Monday, March 31, 2014

March Series of the Month: Across The Universe Trilogy

Hey, y'all! So, I planned to read a little more than I did this month, but I got through a total of 4 books, so I averaged about a book per week, so that's not bad! Anyway, I'm not going to talk about the other book I read this month- I'll save it for a post where I talk about any of the standalone books I've read. In the meantime, though, you can always check out my Goodreads account by clicking HERE. You can see what books I've been reading and get a sneak peek of my reviews before my blog posts go up. You can also friend me on there, if you'd like!

Warning: I'm going to talk about spoilers in this post. I'll probably get into spoilers later in each book's review, but I'll try to make a note of it when I'm about to spoil something.

Across The Universe

First off, let's just all take a moment to appreciate this gorgeous cover. This may be my favorite cover of any book ever, and I don't even like pink. It's that pretty. 

Across The Universe is told from the POVs of our two main characters, Amy and Elder. The book opens in the year 2036. Seventeen-year-old Amy and her parents are among the 100 people who are going on a mission to this new planet that has been discovered, which supposedly is able to sustain human life. However, they aren't going to be passengers on this spaceship. They are going to be cryogenically frozen for the 300 year trek to the new planet. When the ship reaches the new planet, they are going to be un-frozen and will explore this new planet. Both of Amy's parents are essential to the trip- her father is a high ranking military officer, and her mother is an important scientist. Amy is not essential to the trip, but decides to go along with them.

We're then introduced to Elder. It's now approximately 50 years before the ship is set to land on the new planet, named Centauri-Earth by the ship-borns. At sixteen, Elder is the future leader of the ship and apprentice to Eldest. Elder is frustrated with his training, and begins to get into things Eldest doesn't want him to find. It's then that Elder discovers all of the cryogenically frozen people. Previously, he didn't even know they were on the ship. 

Shortly after this, someone opens Amy's chamber, causing her to wake up long before she was supposed to. The doctor is unable to re-freeze her, so she has to adjust to a completely new life on the spaceship Godspeed. However, soon after Amy wakes up, other frozen people begin to be pulled from their chambers. Amy and Elder have to team up to discover who is trying to kill all of these people.

Before I jump into the spoilery section of my review, I just want to give my overall opinion about the book. When I first finished it, I honestly wasn't sure how I felt about it. On one hand, I really enjoyed the book and loved the world, but on the other, I thought it was mostly predictable and felt like I was just on the surface of all of the events rather than immersed in them. Eventually, I gave it 4 stars on Goodreads.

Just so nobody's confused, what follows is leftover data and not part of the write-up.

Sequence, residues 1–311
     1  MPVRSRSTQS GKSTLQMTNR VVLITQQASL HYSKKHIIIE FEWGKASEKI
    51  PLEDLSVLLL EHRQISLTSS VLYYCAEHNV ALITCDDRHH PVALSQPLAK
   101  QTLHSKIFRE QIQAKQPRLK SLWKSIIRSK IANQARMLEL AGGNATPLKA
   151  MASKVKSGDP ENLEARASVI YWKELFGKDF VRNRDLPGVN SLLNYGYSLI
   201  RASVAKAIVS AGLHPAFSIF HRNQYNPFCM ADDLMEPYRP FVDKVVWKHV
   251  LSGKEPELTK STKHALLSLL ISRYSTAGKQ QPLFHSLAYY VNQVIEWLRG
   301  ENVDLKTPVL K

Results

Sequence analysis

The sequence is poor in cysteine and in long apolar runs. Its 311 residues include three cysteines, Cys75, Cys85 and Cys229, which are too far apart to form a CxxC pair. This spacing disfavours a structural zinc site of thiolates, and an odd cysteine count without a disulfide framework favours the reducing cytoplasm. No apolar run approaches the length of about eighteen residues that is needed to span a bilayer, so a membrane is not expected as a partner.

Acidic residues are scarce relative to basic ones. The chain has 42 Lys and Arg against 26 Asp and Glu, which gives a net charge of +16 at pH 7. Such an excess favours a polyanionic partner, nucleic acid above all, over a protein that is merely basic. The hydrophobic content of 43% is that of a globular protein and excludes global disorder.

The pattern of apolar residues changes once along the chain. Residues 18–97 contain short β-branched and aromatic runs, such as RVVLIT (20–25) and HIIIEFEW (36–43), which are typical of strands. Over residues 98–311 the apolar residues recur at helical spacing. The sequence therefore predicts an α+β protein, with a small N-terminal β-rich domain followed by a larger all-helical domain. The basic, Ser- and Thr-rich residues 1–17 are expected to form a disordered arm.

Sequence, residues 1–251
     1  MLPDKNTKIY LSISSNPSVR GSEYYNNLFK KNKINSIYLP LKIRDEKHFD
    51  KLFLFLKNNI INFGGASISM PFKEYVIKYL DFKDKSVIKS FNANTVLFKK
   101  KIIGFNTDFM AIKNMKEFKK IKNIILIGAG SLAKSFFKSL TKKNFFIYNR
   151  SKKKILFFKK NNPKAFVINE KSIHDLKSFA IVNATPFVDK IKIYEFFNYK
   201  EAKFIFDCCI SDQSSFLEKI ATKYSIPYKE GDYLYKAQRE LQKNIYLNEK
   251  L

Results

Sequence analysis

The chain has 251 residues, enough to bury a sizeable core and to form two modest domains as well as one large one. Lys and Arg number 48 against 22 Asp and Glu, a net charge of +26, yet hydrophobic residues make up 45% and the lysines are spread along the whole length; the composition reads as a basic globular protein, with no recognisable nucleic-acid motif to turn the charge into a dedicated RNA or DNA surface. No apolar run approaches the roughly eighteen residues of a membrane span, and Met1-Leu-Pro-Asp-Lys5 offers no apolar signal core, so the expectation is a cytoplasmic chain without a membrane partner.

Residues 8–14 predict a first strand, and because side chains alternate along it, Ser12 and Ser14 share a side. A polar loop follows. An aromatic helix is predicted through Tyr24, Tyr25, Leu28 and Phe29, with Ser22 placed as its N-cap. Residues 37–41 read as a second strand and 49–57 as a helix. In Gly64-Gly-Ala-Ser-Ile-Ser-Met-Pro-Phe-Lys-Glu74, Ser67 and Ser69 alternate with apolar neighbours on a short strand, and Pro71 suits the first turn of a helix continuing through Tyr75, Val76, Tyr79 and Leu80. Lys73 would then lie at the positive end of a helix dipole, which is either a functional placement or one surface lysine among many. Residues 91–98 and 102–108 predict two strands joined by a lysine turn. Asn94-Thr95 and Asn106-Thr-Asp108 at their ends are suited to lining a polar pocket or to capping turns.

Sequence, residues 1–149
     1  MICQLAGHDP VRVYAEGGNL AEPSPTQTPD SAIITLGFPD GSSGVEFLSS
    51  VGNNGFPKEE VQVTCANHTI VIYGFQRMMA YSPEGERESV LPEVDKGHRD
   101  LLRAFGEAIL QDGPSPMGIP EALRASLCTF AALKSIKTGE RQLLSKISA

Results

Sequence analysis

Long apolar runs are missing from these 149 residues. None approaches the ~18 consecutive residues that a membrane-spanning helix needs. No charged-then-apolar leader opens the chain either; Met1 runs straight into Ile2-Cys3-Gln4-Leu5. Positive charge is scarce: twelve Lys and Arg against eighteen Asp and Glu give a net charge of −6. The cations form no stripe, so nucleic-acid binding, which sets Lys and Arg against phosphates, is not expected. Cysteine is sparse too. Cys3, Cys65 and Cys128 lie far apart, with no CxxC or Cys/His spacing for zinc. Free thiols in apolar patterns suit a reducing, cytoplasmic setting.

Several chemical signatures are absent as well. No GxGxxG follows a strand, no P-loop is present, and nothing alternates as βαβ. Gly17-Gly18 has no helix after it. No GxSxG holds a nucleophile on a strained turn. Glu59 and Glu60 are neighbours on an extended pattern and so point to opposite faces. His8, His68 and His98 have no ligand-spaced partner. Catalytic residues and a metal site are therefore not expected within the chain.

OK, now onto the spoilery part of this. If you haven't read Across The Universe, STOP READING THIS. Go read the book, and then come back and read my opinions about Across The Universe.

I'm going to be focusing most of this on how I feel about what happened, rather than detailing the plot. Detailing the plot seems a bit pointless, since everyone reading this SHOULD be people who have read the book, and therefore know what has happened.

OK, so is it just me, or was it painfully obvious by about 30 pages in (or maybe less, I'm just guesstimating) that Orion was the "dead" Elder/Eldest? It got to the point that I thought Beth Revis was trying to make it painfully obvious, and maybe she was. But if so, why? And even the other "big" plot twist, the fact that Elder was the one who woke up Amy, wasn't that shocking. I guess this book just didn't surprise me much.

On the other hand, the world that Beth Revis has created is just so great. I found myself constantly thinking about Brave New World, and how they took Soma to be content, like how the Feeders are constantly on Phydus. And the way that, rather than having children constantly, they have the season, is so disturbingly interesting. Also, the sane people, the ones who are immune to Phydus, are considered to be the crazy ones who are locked up in the hospital. I just really enjoyed how it was very dystopian, but also very sci-fi and mystery at the same time. 

And clearly, the most heart-wrenching moment was when Harley, one of the most enjoyable characters in the book, decides to commit suicide. That was just so insanely sad. But honestly, I was also extremely sad when they froze Orion. I can understand why Amy hates him so much, and why what he did was so terrible, but at the same time, even though I figured out early-on who he really was, I couldn't help but like the guy. He genuinely thought that he was doing the right thing for the ship- for his people- even when it wasn't his responsibility anymore. And of all the people on the ship, he was the most insatiably curious; the free thinker. He wasn't going to take what he was told at face-value, and I can appreciate that.